They wear tweeds, ride fold up bicycles and have a strange obsession with bandstands, they are often viewed as being at the fringes of society – a minority interest group with a small but powerfully loyal following – they are those who hold dear to their hearts that our 19th century heritage should never be lost. They value the majesty of the Town Hall as a Victorian edifice that spoke of the power of the elected (or in most cases the appointed) in society – have they lost sight of the importance of downsizing public organisations, ensuring that we have a quasi retail approach to services and that we should administer them from anodyne, faceless replicants of a local branch of an insurance company?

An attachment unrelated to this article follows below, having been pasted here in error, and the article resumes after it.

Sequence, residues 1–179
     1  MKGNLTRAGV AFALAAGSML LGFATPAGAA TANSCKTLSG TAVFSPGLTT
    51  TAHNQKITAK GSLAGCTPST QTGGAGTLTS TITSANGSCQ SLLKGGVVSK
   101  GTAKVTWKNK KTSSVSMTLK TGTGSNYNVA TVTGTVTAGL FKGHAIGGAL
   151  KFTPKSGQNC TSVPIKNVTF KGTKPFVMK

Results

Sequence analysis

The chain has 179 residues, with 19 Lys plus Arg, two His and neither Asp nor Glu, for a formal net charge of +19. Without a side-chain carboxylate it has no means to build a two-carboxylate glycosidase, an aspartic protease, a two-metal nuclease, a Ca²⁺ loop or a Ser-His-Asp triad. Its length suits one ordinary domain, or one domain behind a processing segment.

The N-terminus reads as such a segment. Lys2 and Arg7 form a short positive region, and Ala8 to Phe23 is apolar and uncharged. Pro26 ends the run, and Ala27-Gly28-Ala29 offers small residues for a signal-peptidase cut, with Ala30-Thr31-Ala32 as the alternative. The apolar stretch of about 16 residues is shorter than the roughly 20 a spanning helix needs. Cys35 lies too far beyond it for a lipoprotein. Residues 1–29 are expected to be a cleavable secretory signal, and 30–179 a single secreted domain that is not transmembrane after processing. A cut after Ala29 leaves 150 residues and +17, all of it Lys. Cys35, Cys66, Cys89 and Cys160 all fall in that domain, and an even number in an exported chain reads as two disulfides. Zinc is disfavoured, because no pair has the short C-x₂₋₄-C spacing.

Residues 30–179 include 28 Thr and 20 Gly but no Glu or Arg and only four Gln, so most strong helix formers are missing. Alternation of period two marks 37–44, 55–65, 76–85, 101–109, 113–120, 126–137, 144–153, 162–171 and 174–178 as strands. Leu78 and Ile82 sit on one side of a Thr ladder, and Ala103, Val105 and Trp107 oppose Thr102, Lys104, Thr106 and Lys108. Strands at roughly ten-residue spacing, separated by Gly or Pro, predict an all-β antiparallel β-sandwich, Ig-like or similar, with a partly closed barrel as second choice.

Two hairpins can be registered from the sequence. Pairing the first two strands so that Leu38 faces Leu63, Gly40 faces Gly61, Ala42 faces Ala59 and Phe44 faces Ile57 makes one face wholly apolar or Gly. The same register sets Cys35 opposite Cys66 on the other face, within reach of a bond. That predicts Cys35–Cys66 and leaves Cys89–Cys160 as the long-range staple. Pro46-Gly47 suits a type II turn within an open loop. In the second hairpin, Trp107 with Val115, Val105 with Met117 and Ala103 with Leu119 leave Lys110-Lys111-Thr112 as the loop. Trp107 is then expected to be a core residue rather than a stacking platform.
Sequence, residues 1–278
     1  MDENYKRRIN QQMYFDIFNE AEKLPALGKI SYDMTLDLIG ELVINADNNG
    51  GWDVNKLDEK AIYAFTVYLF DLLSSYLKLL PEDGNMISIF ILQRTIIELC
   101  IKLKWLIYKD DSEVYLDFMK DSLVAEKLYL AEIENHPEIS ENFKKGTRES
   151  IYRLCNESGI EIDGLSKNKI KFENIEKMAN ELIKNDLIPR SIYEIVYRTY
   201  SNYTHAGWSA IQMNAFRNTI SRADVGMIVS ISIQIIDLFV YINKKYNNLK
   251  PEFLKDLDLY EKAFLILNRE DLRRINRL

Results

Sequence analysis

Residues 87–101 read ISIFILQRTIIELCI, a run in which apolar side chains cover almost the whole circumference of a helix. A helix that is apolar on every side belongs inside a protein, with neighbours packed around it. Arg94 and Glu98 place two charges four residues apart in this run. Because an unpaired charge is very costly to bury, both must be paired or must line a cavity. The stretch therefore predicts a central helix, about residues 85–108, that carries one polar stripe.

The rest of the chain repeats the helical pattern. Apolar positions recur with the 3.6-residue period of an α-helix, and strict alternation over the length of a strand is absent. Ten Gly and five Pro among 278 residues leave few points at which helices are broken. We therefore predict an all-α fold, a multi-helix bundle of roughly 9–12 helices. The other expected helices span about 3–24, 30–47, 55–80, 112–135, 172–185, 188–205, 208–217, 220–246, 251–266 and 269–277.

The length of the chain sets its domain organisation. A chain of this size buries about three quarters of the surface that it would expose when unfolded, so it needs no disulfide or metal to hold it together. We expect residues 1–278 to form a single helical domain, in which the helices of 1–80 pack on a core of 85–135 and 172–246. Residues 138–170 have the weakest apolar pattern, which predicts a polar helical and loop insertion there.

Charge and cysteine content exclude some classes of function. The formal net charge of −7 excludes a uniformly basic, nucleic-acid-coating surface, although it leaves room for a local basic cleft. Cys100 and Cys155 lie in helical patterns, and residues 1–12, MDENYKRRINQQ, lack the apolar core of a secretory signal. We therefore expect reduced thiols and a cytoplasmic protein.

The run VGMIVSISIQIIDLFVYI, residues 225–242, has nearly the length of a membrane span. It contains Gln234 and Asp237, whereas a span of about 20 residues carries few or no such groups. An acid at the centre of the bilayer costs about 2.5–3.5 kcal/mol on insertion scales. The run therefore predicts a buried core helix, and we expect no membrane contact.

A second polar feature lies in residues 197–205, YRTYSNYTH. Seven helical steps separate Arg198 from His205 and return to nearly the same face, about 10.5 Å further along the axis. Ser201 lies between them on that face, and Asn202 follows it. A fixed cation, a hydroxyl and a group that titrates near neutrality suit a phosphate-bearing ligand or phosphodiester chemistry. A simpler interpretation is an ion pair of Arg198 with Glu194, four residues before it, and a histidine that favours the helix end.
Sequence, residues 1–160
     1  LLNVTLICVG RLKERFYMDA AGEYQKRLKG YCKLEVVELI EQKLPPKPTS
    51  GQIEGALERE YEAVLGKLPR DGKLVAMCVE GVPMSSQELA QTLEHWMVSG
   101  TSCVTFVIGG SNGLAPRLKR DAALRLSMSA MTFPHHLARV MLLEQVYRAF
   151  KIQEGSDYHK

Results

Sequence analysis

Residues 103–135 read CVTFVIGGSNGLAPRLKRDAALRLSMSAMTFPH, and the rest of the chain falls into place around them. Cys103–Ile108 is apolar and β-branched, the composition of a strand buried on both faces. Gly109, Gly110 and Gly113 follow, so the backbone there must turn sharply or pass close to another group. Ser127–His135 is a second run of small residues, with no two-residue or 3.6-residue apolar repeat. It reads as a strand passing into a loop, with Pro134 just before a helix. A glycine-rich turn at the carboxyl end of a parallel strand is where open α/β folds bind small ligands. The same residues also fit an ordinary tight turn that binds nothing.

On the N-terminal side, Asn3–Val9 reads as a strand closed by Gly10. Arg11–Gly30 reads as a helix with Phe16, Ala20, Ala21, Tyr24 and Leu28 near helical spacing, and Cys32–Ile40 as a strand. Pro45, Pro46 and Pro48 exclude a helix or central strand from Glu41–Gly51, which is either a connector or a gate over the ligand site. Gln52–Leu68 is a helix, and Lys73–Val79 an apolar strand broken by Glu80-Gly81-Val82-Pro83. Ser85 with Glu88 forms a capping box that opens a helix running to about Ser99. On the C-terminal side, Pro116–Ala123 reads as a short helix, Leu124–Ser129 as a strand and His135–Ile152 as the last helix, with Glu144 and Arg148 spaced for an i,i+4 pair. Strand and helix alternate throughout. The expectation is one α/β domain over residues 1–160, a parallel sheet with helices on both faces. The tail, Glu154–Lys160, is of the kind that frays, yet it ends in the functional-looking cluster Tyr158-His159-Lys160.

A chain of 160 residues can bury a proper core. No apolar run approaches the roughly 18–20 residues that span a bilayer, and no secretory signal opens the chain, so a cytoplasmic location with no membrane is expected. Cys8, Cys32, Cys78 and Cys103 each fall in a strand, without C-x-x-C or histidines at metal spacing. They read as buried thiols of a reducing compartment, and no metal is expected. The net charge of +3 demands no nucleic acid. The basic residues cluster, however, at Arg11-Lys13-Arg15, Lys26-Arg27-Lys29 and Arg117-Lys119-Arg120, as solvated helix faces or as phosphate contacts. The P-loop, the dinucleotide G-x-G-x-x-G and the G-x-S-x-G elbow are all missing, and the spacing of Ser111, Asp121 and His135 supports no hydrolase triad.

Certainly for many within cities and towns the structures that spoke so loudly of the power of the local community served not just to reinforce the civic dignity of the individuals who were called upon to govern but also were – and perhaps still are important icons of civic place and power. True, they are a huge burden to the local purse but at a time of dwindling concern for the council (mindful of a story told a few days ago of a recent election in a ward where only 16 people bothered to vote) we perhaps need a kind of iconography to remind us all that choice and voice at a local level is so profoundly different from the way we have our political views represented at a national level that we need to have some physical representation of the distinctiveness of local democratic place.